You appreciated it because it was well received? (laugh)
Right. Most of the time I think it’s bad after I delivered it, but it turns out to feel good when people appreciate it.
If I remember well, you did both storyboards and animation for that chasing scene. Which parts precisely?
From the start of the chase to when the two (okama) are burning. I think I handled camerawork quite well on that one. I don’t know why, but I like it when the camera angles feel neat.
What about the next one, Pursuit of the Balls of Darkness?
There isn’t any part for which I can say: “I did this” on Balls of Darkness.
The film itself was quite sober.
Indeed, even if it was entertaining. Action scenes were mostly based on hand-to-hand combat, and I faded away compared to people who handle that kind of scene well, like (Masayoshi) Ando-san and (Hiroyuki) Nishimura-san.
I guess you prefer more eccentric motion…
Well, I think it’s my role in the team as well. I’d like to do realistic stuff as well, but my efforts tend to be fruitless on that side. An acquaintance of mine once told me I hadn’t anything to do with the end result of Hakkenden, and that was vexing for me so I’m trying to get a shot with realistic stuff, without success for now.
How precisely do you come up with designs in Shin-chan?
I draw on my sketch book, like “Let’s do this, how about this?”
Showing your ideas?
Right, though most of them aren’t used.
So you draw them and show them to the director?
Yes, I just put entire sketchbooks on his desk, suggesting him to take a look. Whether it was Hongou-san or (Yumiko) Suga-san when I was at Ajiado, they gave me a lot of different works to do. It could be the setting for a particular scene, or designs. Most of the time I’m not motivated at all until they tell me to do it, but once I start making research for it, I often find a lot of interesting stuff.
You have a certain reputation as the specialist of ‘Buriburizaemon’. That started more or less during Hakkenden, didn’t it?
I think so. It was a jidaigeki after all, so it was fun to apply what I had learned in a manga-esque fashion. But when it comes to ‘Buriburizaemon’, I personally found Shizuka Hayashi-san’s funnier.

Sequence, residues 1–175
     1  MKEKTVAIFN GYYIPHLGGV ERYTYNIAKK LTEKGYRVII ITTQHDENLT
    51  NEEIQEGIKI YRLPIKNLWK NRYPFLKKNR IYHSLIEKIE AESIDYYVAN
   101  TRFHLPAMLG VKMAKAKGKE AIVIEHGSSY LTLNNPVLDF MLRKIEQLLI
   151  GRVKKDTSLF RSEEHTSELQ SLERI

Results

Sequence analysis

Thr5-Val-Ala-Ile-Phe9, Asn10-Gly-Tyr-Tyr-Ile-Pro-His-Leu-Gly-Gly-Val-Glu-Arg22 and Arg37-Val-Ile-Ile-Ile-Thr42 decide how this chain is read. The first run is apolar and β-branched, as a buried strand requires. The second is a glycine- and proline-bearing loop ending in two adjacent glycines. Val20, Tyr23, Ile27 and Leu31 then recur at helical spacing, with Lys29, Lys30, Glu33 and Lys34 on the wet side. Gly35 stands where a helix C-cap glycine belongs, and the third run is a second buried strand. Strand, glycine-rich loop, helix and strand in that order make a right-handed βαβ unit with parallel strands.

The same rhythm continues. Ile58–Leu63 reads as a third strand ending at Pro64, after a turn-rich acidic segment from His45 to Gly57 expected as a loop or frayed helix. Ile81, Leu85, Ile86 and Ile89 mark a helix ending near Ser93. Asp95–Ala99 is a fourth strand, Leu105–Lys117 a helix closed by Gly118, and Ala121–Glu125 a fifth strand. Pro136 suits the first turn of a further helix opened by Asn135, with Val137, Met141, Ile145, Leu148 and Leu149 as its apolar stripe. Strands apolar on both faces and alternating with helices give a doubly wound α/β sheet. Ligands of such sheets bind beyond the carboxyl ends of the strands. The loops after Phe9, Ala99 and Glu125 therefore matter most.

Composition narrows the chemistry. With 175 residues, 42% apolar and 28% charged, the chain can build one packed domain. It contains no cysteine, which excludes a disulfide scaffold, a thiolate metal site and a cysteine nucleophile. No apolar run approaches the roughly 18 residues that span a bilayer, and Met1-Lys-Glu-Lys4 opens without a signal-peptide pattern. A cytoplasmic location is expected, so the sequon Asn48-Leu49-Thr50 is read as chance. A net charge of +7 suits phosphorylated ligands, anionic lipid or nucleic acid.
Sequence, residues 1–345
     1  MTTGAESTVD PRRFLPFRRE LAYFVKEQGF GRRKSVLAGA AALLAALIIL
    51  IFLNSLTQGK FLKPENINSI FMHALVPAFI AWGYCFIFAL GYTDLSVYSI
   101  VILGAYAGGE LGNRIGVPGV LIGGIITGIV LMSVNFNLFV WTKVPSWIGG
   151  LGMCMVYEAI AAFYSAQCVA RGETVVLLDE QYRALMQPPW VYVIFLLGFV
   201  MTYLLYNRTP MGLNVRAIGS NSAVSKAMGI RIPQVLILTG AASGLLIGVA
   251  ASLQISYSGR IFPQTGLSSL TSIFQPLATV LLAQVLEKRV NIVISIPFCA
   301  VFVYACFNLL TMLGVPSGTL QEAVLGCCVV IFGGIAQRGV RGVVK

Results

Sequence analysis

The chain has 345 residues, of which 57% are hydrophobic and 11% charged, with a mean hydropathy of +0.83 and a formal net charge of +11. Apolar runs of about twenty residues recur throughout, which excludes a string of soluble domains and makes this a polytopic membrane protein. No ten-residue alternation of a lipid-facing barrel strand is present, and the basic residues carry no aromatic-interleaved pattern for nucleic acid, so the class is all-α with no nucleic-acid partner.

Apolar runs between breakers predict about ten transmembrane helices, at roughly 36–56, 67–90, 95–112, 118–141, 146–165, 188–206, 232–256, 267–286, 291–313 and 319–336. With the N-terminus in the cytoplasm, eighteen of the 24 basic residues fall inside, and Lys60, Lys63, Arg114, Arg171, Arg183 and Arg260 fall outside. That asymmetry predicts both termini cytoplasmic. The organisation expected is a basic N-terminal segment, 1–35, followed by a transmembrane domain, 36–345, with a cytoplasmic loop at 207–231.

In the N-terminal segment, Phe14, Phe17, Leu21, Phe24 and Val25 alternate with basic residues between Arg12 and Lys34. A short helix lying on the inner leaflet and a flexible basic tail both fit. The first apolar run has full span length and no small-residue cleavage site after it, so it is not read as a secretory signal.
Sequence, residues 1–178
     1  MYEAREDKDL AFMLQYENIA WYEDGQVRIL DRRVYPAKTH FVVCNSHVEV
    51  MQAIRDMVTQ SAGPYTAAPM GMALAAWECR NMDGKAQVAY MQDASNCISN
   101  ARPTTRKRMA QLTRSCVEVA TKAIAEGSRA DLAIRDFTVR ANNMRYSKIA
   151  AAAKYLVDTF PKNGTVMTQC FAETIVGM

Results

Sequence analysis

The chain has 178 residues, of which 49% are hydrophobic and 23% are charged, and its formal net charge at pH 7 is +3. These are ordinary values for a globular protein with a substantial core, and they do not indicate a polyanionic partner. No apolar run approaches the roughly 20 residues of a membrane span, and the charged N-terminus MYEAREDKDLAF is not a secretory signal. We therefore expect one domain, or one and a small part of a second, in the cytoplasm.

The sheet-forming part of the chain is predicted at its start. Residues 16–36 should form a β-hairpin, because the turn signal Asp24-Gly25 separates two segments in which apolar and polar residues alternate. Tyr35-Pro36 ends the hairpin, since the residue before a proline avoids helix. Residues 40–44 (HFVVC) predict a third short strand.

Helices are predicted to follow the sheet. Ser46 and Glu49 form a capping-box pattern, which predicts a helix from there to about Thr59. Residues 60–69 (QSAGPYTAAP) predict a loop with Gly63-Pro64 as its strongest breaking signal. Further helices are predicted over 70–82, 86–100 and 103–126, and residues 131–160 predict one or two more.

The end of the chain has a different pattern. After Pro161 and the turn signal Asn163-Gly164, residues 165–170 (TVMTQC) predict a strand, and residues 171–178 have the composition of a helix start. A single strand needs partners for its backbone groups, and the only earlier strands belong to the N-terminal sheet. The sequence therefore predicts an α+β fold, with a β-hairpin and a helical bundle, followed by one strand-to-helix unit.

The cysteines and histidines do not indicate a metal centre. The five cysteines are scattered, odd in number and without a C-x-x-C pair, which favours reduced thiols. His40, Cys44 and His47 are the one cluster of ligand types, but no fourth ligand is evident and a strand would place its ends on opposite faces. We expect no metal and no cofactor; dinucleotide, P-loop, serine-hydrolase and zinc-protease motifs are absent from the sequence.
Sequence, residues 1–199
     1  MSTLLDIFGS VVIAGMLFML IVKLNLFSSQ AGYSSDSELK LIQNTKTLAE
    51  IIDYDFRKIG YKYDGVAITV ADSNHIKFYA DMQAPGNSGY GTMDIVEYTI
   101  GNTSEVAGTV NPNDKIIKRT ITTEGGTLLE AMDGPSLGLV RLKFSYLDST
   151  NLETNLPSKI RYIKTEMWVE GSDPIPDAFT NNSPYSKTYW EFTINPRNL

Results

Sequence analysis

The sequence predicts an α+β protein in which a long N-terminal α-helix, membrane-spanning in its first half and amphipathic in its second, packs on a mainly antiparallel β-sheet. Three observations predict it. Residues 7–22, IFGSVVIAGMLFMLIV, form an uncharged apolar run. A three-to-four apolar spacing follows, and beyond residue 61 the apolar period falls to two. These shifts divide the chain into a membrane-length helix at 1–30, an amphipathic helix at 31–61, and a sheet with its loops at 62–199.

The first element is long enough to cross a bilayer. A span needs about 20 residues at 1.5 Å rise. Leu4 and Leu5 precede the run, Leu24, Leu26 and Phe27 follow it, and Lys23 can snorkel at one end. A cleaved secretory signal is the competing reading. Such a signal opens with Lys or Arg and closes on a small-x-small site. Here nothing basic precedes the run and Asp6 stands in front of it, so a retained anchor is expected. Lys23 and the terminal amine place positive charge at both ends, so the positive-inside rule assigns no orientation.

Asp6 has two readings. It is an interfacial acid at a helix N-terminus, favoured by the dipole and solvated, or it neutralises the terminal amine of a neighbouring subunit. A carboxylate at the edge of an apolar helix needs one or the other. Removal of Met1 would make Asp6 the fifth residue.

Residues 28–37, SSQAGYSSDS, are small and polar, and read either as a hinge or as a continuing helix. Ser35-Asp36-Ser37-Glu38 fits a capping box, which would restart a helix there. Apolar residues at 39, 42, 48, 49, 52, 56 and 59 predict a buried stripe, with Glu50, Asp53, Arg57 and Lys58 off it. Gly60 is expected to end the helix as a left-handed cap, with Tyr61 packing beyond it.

The part she did was when drawings started to move, so it really looked like doodles, it was so funny to me.
That sounds like ‘Buriburizaemon’ ‘s ‘Raimei’ part, the one that felt like a self-parody of Hakkenden.
You think so?
There were some similar camera angles and characters.
Maybe I drew some influence, but didn’t realize it.
So you also made the storyboards for the ‘Buriburizaemon’ series?
Right, in the end I came to enjoy drawing storyboards, so for now my interest is in that area. I suppose at some point I’ll want to write scripts by making storyboards, and I think I’m just starting to learn. But personally, I don’t have any objective from the beginning. I’m only thinking about in-betweens when I’m doing in-betweens, only key animation when I’m doing key animation… So all of this is thanks to people who told me to do storyboards or designs, giving me the opportunity.
So you were also designated to do ‘Buriburizaemon’?
I was, it’s Hongou-san who asked me if I wanted to try storyboards.
I see, do you tend to write by instinct when you’re doing key animation?
I also draw after doing research sometimes, even if the time I spend on my desk remains short. I like to look for completely useless stuff.
Does it happen to do research for things like Shin-chan?
I do personally. For example, if there’s an episode about going to the sea, I look tons of videos of the sea. To my mind that also counts as efforts, even if people always think I’m coasting.